Last month I spoke with a food truck owner that keeps track of the typical add-on menu items (think apps, sides, beverages and desserts) that are purchased when someone buys his most popular entrée (it’s also hold the highest margin for that menu segment).

These items help him increase the profitability entrée sales because they have even higher margins. So he instructs all of his service staff to push the idea of adding those items when customers only purchase an entrée. Since training his staff this technique he has seen his profits skyrocket.

Put Your Menu On A Diet

Food trucks don’t offer a lot of storage space, so why are you tying up this valuable real-estate with ingredients that might only be used in low selling, low profit dishes? By getting rid of your slow moving menu items, you can save space, prep time and money and put it into menu items with the highest margins?

There are plenty of other tactics food truck owners can use, but the key is always to keep your eye on maximizing your profit. Remember, it’s not how tickets you ring up, but how much you earn on each sale. Otherwise, when you run out of your working capital (if you have any at all), you’re truck will be out of business until you can come up with more money.

If you have any additional profit margin tactics that help maximize yours, please feel free to share them in the comment section below, Tweet us or share them on our Facebook page.

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social media time management

It seems from some of the most recent questions we’ve received that some food truck vendors are still having difficulty in improving their social media presence without having to spend more time than they thought they would to get anything accomplished.

Are you one of these vendors? Not to worry, today’s article is all about social media time management and was designed to show you how to streamline the time you invest with social media while still being able to build a strong online brand that draws customers to your food truck service window.

4 Social Media Time Management Tips

Downsize

One mistake I see some vendors make is joining every social network on the web and spending time to stay relevant on each one. If you are presently on what may seem like every social media platform, take some time to find out which ones are actually drawing customers in and interacting with you.

If there is no customer interaction on some, cut down or eliminate the time you spend there and focus more of your time on those that are more active.

If your customers don’t engage with you on Pinterest or Instagram, there’s no need to be there.

Once you know where you’re your message is being heard, pick two or three and don’t worry about the rest.

Speak With Your Customers

Spend some time engaging with your social media followers. Does is seem as most of them are not in your local area? If not, you could be spending your time engaging with people who may never spend a moment waiting in line for one of your awesome menu items. If this is the case you need to fine tune your approach.

Look at your updates that generate the most interest, and use those as a starting point for conversations. When you find a customer hot button issue, run with it. Be sure you share information that is both relevant to your food truck and beneficial for your customers.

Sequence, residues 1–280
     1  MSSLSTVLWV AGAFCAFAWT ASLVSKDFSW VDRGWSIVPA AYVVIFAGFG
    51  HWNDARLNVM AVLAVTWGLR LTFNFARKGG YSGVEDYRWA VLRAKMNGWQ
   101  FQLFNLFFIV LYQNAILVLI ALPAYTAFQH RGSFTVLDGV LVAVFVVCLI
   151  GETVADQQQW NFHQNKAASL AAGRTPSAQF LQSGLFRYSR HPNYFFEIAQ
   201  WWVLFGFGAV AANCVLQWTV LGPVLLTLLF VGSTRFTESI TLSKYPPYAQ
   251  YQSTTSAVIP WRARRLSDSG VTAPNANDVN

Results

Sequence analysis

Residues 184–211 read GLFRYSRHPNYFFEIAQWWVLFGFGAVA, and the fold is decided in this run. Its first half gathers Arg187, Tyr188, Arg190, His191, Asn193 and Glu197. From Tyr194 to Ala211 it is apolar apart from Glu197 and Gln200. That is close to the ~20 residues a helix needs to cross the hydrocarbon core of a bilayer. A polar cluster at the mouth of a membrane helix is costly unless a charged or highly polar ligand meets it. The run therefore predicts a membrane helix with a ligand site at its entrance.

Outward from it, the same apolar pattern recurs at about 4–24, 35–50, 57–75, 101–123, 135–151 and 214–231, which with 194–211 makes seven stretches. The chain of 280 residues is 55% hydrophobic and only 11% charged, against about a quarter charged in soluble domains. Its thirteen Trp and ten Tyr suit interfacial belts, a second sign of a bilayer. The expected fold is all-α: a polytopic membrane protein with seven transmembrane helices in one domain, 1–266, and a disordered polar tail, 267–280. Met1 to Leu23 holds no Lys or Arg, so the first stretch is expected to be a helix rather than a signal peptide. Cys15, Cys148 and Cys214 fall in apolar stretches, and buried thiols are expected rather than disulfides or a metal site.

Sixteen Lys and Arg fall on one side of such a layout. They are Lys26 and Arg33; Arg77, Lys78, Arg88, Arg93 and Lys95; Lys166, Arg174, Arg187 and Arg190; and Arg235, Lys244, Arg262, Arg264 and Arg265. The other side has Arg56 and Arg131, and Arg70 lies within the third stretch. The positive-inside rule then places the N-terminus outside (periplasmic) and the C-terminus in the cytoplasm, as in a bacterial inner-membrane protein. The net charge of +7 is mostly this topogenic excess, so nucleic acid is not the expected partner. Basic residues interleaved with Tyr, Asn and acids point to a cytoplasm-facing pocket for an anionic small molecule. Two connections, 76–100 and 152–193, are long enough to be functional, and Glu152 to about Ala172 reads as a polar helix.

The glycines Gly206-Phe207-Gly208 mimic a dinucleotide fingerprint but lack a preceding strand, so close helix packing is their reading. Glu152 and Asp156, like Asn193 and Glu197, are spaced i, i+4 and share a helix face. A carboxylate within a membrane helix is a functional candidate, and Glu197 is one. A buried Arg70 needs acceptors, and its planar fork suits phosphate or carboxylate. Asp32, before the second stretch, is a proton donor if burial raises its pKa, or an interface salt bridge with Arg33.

You need to focus your social media communications on your customers to build trust and encourage interaction. This will lead to a creating social media advocates for your food truck business.

Consistant User Names

There are some vendors I found while researching this article that use upwards of 3 to five different user names on various social networks. Some even have several handles for Twitter alone.

Not only is this difficult to manage (unless you are paying someone to handle all of these accounts for you), but it also confuses customers which will ultimately dilute your brand.

Settle on a single username so people can easily find and follow you. Use your food truck’s name or a shorter variation. If you’re Your Name Food Truck on Facebook, don’t create a different handle for Twitter, keep it consistent.

Become Predictable

In social media it pays to be predicable. Create a schedule for posting on the social media networks you’ve chosen to have a presence. Choose times when you know your customers are most likely to see your posts.

Once you have your schedule in place, stick to it, it’s much easier to identify what to share in advance rather than trying to do it in real time.

Use the space in between your scheduled posts for customer conversations. Retweet or comment on things you like and thank customers who promote your food truck.

We hope this helps those of you that are having a tough time navigating all of the social media avenues available to food truck vendors. Time is one thing that we understand vendors don’t have in surplus.

If you have addition tips on social media time management, please feel free to share them in the comment section below, Tweet us or share them on our Facebook page.

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online job posting

Many of the food trucks owners I have spoken with lately have told me they are planning to start bulking up their staff even though winter is right around the corner. The reasoning behind this is primarily due to the fact that during the colder months, food trucks in cold climates turn their business models away from daily city parking and more catering. This fact leads them to more work in the kitchen and usually more needs for front of house personnel than they use at daily stops.

If your food truck is getting ready to start hiring, chances are that your best candidates are searching for food truck jobs on the web. You are going to need to create an online job posting that leads to qualified candidates submitting their resumes so it’s time to remember the basics of writing any effective online job posting: